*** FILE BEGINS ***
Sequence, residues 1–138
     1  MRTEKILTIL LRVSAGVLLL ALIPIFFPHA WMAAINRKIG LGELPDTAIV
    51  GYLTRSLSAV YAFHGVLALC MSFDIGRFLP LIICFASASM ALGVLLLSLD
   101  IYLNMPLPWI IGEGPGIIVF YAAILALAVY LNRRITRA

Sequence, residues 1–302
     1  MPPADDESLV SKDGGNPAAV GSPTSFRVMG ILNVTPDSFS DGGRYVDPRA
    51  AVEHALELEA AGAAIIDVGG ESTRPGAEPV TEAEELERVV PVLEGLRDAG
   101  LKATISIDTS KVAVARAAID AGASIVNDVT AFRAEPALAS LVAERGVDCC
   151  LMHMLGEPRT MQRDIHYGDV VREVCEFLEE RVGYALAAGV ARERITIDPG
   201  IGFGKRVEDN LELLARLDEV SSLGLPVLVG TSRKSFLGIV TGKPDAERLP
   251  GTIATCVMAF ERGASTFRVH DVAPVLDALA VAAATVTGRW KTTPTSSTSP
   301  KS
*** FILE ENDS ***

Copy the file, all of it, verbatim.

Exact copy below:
Sequence, residues 1–138
     1  MRTEKILTIL LRVSAGVLLL ALIPIFFPHA WMAAINRKIG LGELPDTAIV
    51  GYLTRSLSAV YAFHGVLALC MSFDIGRFLP LIICFASASM ALGVLLLSLD
   101  IYLNMPLPWI IGEGPGIIVF YAAILALAVY LNRRITRA

Sequence, residues 1–302
     1  MPPADDESLV SKDGGNPAAV GSPTSFRVMG ILNVTPDSFS DGGRYVDPRA
    51  AVEHALELEA AGAAIIDVGG ESTRPGAEPV TEAEELERVV PVLEGLRDAG
   101  LKATISIDTS KVAVARAAID AGASIVNDVT AFRAEPALAS LVAERGVDCC
   151  LMHMLGEPRT MQRDIHYGDV VREVCEFLEE RVGYALAAGV ARERITIDPG
   201  IGFGKRVEDN LELLARLDEV SSLGLPVLVG TSRKSFLGIV TGKPDAERLP
   251  GTIATCVMAF ERGASTFRVH DVAPVLDALA VAAATVTGRW KTTPTSSTSP
   301  KS